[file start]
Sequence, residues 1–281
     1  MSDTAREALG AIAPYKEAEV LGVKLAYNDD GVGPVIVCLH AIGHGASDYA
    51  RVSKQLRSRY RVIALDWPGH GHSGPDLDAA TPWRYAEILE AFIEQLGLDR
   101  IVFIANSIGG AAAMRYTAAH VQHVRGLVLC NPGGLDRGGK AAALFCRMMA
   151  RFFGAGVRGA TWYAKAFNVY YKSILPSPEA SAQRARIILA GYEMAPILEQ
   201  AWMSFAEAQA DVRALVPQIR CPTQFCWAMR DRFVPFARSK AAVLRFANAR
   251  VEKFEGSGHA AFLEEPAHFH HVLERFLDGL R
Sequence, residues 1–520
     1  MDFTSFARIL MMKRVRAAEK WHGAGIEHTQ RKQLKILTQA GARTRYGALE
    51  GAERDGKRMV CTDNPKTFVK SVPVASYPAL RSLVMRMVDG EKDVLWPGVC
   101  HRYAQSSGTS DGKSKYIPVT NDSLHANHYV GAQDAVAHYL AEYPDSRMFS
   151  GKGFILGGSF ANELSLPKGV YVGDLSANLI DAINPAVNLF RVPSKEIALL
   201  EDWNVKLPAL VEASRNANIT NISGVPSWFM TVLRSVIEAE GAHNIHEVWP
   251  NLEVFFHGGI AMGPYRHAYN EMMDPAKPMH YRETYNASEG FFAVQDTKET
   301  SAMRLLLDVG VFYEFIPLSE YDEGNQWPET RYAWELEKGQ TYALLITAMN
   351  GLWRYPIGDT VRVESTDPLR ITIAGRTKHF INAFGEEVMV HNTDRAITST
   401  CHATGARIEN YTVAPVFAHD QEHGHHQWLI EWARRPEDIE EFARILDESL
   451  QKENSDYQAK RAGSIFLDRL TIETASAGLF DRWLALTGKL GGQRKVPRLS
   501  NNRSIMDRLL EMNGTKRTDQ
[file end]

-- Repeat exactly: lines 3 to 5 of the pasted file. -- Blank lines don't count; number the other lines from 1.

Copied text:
    51  RVSKQLRSRY RVIALDWPGH GHSGPDLDAA TPWRYAEILE AFIEQLGLDR
   101  IVFIANSIGG AAAMRYTAAH VQHVRGLVLC NPGGLDRGGK AAALFCRMMA
   151  RFFGAGVRGA TWYAKAFNVY YKSILPSPEA SAQRARIILA GYEMAPILEQ